Amid the crypto market carnage, the digital currency exchange Coinbase revealed it has decided to lay off 18% of its workforce. The announcement follows the company’s original plans to slow the hiring process and the firm rescinding a number of employment offers.
Coinbase ‘Grew Too Quickly,’ Crypto Exchange CEO Says
On June 14, Coinbase published a blog post written by the company’s CEO Brian Armstrong. The letter from Armstrong was announced in a Tweet that said: Coinbase CEO Brian Armstrong announced today the difficult decision to reduce the size of the Coinbase team by 18%. More details and rationale in Brian’s email to employees, which has been made public for all to see,” the company added.
Armstrong’s letter explains the decision was made so Coinbase can remain healthy. “Today I am making the difficult decision to reduce the size of our team by about 18%, to ensure we stay healthy during this economic downturn,” Armstrong wrote. “I want to walk you through why I am making this decision below, but first I want to start by taking accountability for how we got here. I am the CEO, and the buck stops with me.”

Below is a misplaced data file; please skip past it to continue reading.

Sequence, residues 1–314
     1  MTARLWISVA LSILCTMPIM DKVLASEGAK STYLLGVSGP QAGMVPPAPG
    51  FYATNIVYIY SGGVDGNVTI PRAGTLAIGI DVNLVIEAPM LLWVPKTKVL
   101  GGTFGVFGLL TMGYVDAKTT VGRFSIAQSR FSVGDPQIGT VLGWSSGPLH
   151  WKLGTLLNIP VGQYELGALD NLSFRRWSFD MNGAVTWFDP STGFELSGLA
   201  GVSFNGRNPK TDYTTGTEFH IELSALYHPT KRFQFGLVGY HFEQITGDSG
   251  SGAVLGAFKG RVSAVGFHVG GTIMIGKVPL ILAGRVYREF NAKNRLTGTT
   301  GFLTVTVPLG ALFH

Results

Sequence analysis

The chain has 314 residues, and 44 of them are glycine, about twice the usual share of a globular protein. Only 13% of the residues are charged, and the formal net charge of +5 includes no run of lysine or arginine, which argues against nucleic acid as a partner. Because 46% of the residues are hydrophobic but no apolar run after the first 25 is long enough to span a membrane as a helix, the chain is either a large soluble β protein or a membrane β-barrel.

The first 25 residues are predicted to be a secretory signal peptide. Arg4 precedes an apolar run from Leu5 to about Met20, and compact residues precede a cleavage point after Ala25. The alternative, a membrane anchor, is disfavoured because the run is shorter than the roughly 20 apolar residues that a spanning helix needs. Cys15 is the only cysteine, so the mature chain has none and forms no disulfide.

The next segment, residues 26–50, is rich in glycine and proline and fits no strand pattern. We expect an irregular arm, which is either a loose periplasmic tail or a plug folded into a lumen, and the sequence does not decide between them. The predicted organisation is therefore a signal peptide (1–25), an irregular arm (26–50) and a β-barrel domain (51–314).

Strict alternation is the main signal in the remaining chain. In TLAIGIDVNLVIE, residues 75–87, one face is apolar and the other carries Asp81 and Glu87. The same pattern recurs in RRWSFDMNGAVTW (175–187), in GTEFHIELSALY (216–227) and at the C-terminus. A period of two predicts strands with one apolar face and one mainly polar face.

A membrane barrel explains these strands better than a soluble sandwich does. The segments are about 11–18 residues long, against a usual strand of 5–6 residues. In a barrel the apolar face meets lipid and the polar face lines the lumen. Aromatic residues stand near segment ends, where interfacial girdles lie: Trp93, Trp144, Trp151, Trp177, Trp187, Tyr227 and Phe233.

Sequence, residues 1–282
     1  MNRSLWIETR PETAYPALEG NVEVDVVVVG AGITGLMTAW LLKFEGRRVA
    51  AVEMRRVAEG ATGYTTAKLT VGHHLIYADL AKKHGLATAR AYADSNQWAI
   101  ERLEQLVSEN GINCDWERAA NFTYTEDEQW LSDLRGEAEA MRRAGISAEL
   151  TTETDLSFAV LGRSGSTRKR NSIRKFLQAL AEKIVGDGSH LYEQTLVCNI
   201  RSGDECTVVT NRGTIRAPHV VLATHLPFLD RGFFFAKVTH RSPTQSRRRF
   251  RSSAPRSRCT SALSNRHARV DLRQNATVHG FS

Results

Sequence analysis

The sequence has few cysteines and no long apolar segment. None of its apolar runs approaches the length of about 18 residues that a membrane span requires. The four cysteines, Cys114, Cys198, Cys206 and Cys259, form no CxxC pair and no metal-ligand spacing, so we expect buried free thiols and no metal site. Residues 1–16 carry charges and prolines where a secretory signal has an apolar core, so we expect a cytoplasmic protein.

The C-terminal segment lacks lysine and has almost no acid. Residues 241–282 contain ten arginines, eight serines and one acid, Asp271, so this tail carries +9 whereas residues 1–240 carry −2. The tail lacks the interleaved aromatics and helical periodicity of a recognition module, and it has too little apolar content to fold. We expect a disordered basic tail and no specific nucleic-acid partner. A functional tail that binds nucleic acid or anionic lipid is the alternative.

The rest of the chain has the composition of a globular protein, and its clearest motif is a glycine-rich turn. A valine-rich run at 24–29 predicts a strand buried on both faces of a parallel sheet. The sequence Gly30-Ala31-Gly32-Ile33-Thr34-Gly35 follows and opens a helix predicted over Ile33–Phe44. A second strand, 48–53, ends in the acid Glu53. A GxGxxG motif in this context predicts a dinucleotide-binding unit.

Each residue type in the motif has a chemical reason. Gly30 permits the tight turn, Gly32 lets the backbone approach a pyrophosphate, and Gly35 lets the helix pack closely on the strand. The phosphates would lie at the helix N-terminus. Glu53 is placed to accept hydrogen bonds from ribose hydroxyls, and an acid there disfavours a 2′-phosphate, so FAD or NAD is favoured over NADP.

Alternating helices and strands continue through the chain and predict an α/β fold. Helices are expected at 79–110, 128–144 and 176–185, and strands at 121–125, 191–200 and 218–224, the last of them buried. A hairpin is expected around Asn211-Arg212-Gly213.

Armstrong further noted that “economic conditions are changing rapidly,” and that “managing our costs is critical in down markets.” He also said Coinbase “grew too quickly.” All employees would receive a letter from the Human Resources (HR) department, Armstrong detailed. The letter, Armstrong said, will inform you if you “are affected or unaffected by this layoff.” Employees let go will get a minimum of 14 weeks of severance pay, four months of COBRA health insurance, and access to Talent Hub.
Coinbase Joins Layoff Trend, COIN Shares Down 85%
Coinbase laying off 18% follows a slew of crypto companies that are letting employees go. Bitcoin.com News reported on Blockfi cutting staff by 20% on Monday, and Crypto.com’s CEO said the exchange had to lay off 260 employees. “Our approach is to stay focused on executing against our roadmap and optimizing for profitability as we do so,” Crypto.com’s CEO Kris Marszalek remarked. Marszalek added:
That means making difficult and necessary decisions to ensure continued and sustainable growth for the long term by making targeted reductions of approximately 260 or 5% of our corporate workforce.
A number of other crypto-focused companies such as Buenbit, Bitso, Rain Financial, 2TM, and Gemini have cut staff as well. The Coinbase layoffs also coincide with the company’s stock dropping significantly in value. After initially trading for $342 per share, COIN is down 85.54% and trading for $49.35 on Tuesday morning (ET).
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Jamie Redman is the News Lead at Bitcoin.com News and a financial tech journalist living in Florida. Redman has been an active member of the cryptocurrency community since 2011. He has a passion for Bitcoin, open-source code, and decentralized applications. Since September 2015, Redman has written more than 5,000 articles for Bitcoin.com News about the disruptive protocols emerging today.
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